A flashing LED brake light for your motorcycle is a great way of staying safe by letting drivers around you know that you are coming to a stop or slowing down. LED bulbs are typically brighter, longer lasting, and more efficient than the incandescent brake light your motorcycle most likely comes with from factory. Today I’ll show you the bulb that we use in all of our motorcycles here are the shop.
LED bulbs are typically the best you can use in your motorcycle as a brake light. They are brighter and longer lasting than standard bulbs, and they can even flash as you decelerate to help more drivers notice you sooner.
You typically only need one screwdriver to install it an LED light bulb in your motorcycle’s tail light. There are no ballasts or extra wires required. They may cost a few dollars more than a standard bulb, but the extra benefits you get make them well worth the price.
Check out this video to see how easy LED brake lights are to install, and how they can make you safer on your motorcycle.
The LED motorcycle brake light we’ll be using
I’ll be using a Syneticusa 1157 Flashing LED motorcycle brake light. I paid $14.99 for two of these, or about $7.50 each. I went with this specific tail light because the LEDs would be brighter than an incandescent bulb, longer lasting, and most importantly, because this bulb would flash a few times, every time I applied the brakes.
The idea of a brake light is to let other drivers on the road understand that you are slowing down. Most cars are wider and have two or even three brake lights, making it easier for the eyes to register the vehicle is slowing down. The idea behind having a flashing brake light on a motorcycle is to help make it easier for our single brake light to draw people’s attention, and help their brains understand that we are slowing down as quickly as possible.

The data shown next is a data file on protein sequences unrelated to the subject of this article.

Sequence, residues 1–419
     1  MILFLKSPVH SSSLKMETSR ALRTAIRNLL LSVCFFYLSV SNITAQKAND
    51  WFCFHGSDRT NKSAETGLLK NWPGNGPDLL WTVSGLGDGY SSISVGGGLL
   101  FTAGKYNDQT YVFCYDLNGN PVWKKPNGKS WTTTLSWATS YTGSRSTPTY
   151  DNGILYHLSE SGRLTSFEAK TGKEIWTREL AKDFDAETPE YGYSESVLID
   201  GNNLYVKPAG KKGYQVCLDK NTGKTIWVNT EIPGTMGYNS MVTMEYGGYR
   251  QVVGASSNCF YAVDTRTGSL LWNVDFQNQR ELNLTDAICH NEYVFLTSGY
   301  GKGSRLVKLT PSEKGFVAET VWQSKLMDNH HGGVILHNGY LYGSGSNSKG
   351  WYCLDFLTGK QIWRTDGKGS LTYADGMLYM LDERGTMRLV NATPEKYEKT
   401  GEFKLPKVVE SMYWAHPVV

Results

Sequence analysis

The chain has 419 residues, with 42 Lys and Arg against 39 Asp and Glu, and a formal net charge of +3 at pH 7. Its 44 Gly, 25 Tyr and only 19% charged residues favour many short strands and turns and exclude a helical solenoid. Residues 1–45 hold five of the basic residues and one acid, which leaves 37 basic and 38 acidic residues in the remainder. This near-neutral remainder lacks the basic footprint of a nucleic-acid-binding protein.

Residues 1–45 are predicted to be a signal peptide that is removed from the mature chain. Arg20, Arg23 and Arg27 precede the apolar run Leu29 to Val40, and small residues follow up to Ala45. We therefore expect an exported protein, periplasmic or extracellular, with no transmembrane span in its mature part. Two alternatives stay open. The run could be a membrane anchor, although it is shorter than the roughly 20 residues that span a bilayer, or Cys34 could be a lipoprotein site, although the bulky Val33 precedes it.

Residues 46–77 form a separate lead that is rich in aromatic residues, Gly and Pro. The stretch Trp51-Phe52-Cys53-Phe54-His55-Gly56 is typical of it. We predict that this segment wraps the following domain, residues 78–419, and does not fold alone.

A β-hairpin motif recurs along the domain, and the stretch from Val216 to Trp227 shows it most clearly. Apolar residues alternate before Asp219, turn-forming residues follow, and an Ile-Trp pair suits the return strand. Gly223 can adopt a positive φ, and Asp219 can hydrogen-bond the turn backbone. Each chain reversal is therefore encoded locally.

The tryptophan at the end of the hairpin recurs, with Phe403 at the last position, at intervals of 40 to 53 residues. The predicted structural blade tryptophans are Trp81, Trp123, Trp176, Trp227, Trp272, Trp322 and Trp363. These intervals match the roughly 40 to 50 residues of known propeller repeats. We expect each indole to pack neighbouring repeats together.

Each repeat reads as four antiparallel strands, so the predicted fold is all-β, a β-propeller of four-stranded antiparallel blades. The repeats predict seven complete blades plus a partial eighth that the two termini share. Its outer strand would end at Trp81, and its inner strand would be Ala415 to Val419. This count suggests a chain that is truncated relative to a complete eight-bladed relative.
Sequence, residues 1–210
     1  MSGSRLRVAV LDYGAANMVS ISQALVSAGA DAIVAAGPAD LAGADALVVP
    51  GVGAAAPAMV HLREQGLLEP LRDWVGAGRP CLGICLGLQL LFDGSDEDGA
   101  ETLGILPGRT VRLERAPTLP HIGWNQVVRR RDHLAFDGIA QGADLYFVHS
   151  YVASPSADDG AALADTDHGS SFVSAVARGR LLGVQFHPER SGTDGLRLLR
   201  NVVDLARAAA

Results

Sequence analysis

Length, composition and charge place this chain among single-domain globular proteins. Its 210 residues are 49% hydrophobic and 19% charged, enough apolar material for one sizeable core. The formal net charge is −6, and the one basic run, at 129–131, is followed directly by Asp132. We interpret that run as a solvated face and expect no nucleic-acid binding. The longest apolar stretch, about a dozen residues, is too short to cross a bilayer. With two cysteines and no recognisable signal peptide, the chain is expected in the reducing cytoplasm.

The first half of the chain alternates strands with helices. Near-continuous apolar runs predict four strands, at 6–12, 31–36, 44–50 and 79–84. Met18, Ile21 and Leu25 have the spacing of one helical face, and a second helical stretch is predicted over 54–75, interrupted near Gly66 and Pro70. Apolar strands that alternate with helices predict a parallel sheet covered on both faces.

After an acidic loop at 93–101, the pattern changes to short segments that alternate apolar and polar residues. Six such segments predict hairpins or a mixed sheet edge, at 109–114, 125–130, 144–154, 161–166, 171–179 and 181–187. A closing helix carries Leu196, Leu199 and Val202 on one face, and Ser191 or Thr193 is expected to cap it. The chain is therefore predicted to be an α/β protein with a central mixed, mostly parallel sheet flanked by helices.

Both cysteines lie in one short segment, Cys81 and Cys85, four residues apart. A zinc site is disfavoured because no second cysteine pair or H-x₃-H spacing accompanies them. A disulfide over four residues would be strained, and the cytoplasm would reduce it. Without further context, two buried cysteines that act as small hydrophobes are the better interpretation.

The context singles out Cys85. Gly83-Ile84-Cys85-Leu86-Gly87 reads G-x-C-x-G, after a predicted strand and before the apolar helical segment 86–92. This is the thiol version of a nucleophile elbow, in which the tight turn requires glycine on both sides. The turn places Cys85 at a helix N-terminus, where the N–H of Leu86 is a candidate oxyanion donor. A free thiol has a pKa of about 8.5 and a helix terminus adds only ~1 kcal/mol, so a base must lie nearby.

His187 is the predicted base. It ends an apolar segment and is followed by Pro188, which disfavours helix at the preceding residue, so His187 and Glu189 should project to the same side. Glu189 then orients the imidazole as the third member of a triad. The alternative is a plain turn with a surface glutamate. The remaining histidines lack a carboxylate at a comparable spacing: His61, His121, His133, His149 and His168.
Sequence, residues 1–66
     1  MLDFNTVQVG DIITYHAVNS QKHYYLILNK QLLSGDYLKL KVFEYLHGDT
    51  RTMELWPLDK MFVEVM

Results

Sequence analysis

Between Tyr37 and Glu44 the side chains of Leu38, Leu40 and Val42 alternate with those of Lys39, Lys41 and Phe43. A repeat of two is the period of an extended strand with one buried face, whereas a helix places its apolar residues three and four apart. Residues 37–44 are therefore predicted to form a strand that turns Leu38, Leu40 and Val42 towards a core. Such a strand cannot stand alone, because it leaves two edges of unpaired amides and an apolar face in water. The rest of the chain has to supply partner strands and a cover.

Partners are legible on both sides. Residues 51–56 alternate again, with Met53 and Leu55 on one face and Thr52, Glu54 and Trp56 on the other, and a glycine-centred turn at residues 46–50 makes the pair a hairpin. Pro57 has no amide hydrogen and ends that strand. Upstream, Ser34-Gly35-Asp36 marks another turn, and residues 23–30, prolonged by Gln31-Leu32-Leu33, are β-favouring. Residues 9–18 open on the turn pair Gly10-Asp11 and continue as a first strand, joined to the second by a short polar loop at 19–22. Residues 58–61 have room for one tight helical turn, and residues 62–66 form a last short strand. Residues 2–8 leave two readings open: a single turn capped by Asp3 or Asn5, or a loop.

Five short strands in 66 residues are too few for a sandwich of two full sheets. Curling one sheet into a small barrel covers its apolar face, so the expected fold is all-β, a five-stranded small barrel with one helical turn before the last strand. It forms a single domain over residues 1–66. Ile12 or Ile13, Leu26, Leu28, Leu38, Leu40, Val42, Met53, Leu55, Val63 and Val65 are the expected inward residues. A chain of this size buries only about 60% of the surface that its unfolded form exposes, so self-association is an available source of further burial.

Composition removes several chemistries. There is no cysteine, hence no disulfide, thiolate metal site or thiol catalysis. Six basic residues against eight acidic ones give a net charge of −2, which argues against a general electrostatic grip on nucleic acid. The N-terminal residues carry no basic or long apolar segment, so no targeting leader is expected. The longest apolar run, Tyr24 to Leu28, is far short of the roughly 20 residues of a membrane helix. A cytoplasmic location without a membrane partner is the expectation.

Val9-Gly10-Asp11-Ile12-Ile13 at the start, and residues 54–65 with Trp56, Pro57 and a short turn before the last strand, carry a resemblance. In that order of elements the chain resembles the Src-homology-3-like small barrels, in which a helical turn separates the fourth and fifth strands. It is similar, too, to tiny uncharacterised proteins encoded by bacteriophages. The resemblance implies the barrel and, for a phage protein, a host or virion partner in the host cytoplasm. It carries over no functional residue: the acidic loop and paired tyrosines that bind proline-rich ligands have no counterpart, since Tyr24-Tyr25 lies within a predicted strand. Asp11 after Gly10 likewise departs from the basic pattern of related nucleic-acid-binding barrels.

The bulb itself uses a standard 1157 base and the size is comparable to most 1157 bulbs, meaning it’s a direct plug-and-play fit. You don’t have to worry about compatibility issues for most motorcycles. Luckily Amazon also offers free returns, however we’ve installed these on four motorcycles so far with no issues.
How to install your LED brake light
There are typically just two screws to remove to get to a motorcycle tail light. They are usually on either side of the motorcycle tail light cover.
Once you remove those two screws you typically just push down on the bulb and then twist to loosen.
In order to install the new LED bulb you push down on the bulb and then twist the opposite way to tighten.
On some motorcycles, such as this Vespa, you may need to take the bulb out from a brake light housing.
LED Motorcycle brake light performance
Overall the new LED bulb is a big step up from the original incandescent bulbs. You can check out the video above to see for yourself, but essentially the benefits are:
It’s brighter, but different. The brightness isn’t concentrated in one spot as is the case with an incandescent bulb. The LEDs blast light in all directions however, and overall they produce more lumens than the incandescent bulb can.
The LED brake lights are more efficient than LED. These LED brake lights take less power than an incandescent bulb, leaving more power for you to run additional accessories you might want to, like a USB charger for your phone, or some heated grips.
Longer lifespan. These LED bulbs are very efficient, meaning they also produce very little heat. One benefit of that, along with LED technology, is that they tend to last much longer than standard incandescent bulbs do.
The FLASHING is EXCELLENT. The flashing really gets drivers attention. It’s just enough to get you noticed right away, and subtle and quick enough not to be annoying or distracting to motorists around you.
I have no affiliation with Syneticusa and I paid full price for these flashing LED brake lights for our motorcycles. Overall, I’m very happy with my purchase. We’re still in our first season with them, but we’ve installed them on several motorcycles and enjoy drivers giving us more space when we’re coming to a stop sooner.
We can’t comment on longevity yet, but if you’re reading this in the future, feel free to leave me a comment and ask me how they are holding up!